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  • Mjello - Monday, November 07, 2011 - link

    If you don't mind temps howering in the 70C-75C range the h100 can do it passive mounted externally in a horisontal position in a 25C room.

    Just did an hour of LoL. It wont do prime95 for more than 10 min. however. So heavy loads is a nogo passive. And a silent fan doesn't make any noice so i'll switch mine back on. Was a fun experiment though.
    Reply
  • double0seven - Tuesday, November 08, 2011 - link

    "We could hook up our video cards and CPU to the loop."

    This part doesn't make logical sense. If you "hooked up" multiple heat generators to a coolant loop, only the first one would get cooled.
    Reply
  • ggathagan - Monday, November 07, 2011 - link

    Page 3, last sentence of the 1st paragraph: I didn't have any filament problems....
    I'm guessing fitment is the word you intended.

    Hey, someone has to pick at this stuff...
    Reply
  • fixxxer0 - Tuesday, November 08, 2011 - link

    what was the ambient temp of the room on average? just curious to see what your actual temps were... Reply
  • compudaze - Tuesday, November 08, 2011 - link

    Ambient temps were 22.2C - 24.8C with an average of 23.8C. Reply
  • medi01 - Tuesday, November 08, 2011 - link

    It's been a while, that most power hungry part of the system is a graphic card.
    What a pity they don't make water cooling solution for them.

    I don't quite get why on earth I would install this thing, if I still have to care what to do with graphic card heat.
    Reply
  • kg4icg - Tuesday, November 08, 2011 - link

    Cool IT does make a sealed solution for video cards.

    http://www.coolitsystems.com/index.php/products/gp...
    Reply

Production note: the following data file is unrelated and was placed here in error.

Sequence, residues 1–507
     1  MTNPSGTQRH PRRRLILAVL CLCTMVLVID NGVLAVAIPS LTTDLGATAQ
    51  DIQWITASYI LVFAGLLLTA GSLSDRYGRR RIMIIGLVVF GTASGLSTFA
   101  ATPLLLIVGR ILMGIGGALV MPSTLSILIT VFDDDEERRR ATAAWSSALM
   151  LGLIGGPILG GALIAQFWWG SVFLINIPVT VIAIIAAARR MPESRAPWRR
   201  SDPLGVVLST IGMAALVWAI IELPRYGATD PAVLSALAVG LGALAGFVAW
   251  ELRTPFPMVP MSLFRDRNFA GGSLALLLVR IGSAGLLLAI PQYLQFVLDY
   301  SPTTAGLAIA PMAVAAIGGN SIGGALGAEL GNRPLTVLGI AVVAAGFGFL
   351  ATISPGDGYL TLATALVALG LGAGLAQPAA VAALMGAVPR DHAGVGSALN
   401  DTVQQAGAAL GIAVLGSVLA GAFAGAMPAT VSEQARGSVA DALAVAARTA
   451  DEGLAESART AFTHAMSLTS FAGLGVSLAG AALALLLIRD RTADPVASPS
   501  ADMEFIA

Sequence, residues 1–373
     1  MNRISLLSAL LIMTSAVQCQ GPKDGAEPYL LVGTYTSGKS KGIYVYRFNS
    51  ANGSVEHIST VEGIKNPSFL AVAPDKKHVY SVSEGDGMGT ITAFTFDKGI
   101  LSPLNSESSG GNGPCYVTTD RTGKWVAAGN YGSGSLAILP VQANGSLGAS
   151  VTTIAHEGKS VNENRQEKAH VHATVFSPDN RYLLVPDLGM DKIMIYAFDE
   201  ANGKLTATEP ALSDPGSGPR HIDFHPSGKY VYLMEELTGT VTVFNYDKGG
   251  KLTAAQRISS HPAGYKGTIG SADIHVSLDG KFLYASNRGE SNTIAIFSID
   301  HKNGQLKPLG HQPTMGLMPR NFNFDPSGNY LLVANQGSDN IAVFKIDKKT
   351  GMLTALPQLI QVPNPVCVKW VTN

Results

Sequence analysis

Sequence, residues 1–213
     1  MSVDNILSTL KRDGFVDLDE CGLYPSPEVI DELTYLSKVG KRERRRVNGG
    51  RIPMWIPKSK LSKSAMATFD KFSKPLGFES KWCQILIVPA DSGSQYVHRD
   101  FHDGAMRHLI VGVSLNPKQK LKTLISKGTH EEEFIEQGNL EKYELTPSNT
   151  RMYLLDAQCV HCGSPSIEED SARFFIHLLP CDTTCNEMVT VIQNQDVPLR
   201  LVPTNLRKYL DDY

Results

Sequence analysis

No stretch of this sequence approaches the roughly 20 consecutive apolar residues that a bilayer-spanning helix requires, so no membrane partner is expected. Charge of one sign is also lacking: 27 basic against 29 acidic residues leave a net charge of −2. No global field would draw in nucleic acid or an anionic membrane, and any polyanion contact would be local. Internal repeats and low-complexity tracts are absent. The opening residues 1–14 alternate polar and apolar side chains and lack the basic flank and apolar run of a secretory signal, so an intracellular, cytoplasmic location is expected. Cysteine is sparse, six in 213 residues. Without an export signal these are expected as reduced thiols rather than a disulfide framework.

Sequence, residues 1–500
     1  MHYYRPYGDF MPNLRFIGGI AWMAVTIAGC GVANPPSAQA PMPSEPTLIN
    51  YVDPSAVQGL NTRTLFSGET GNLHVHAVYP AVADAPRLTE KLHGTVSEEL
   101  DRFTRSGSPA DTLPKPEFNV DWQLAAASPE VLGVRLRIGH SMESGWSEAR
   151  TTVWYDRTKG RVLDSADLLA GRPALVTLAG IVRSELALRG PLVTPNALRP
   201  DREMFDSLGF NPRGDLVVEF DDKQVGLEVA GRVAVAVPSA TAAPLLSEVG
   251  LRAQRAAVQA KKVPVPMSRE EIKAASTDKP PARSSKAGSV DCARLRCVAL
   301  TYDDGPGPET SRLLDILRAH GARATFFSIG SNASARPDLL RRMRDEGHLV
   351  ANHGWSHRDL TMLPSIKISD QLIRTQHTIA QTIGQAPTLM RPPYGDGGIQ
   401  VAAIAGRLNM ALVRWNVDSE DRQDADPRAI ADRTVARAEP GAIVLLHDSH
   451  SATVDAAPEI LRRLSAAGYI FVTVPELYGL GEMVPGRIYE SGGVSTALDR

• Sabresiberian - Tuesday, November 08, 2011 - link

    It's good to see these coolers get to the point where they are really good, even if the cost is a bit high still. I think pretty soon, liquid coolers will be the thing to use in all but inexpensive systems.

    I'm not sure the H100's price is too high; it depends on what a serious overclocker wants, and whether it allows more room than something like the Silver Arrow. Adding another 2 fans will make even more difference (and add to the cost), which will give more of a performance edge to it. Theoretically, anyway, air flow through the radiator may not be the limiting factor in the system.

    I use the CoolIT Eco on one of my rigs (similar to the H60). It's a decent cooler, but the main reason I used it was because I needed a lower profile solution with my Antec Skeleton "case", and these type coolers really work great for that. Of course, you are just moving the space issue to a different location, since there's the radiator to deal with, but that's not an issue with the Skeleton since I just made a bracket to hang it off a side.

    ;)
    Reply
  • Googer - Wednesday, November 09, 2011 - link

    Shame corsair didn't show off the "Corsair Link" kit and demonstrate its abilities. I guess they don't want to sell too many of those $100-129 (USD) kits. Sounds like the Bob's Rug Syndrome (GTE)
    http://www.ricklatona.com/2008/06/01/the-bobs-rug-...
    Reply
  • Drekkyk - Wednesday, November 09, 2011 - link

    I tried the H60, but at 4.5 Ghz the temp was 8 degrees C hotter than my Cooler Master Hyper 212+. under load and at idle. What I really noticed was how much slower the temp reduced when going from full load to none. I really wanted to like it, I even tried remounting, ensuring thermal compound was applied correctly, etc. I used the same compound for both coolers. My case is a Haf-X with plenty of airflow. Reply